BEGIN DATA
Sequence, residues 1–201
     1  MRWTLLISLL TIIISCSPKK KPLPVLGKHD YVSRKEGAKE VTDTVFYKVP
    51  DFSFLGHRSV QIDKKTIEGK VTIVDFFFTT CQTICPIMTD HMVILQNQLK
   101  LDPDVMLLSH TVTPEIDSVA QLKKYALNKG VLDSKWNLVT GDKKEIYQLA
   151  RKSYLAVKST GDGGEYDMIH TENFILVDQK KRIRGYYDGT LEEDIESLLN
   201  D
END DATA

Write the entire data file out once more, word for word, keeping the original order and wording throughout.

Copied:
Sequence, residues 1–201
     1  MRWTLLISLL TIIISCSPKK KPLPVLGKHD YVSRKEGAKE VTDTVFYKVP
    51  DFSFLGHRSV QIDKKTIEGK VTIVDFFFTT CQTICPIMTD HMVILQNQLK
   101  LDPDVMLLSH TVTPEIDSVA QLKKYALNKG VLDSKWNLVT GDKKEIYQLA
   151  RKSYLAVKST GDGGEYDMIH TENFILVDQK KRIRGYYDGT LEEDIESLLN
   201  D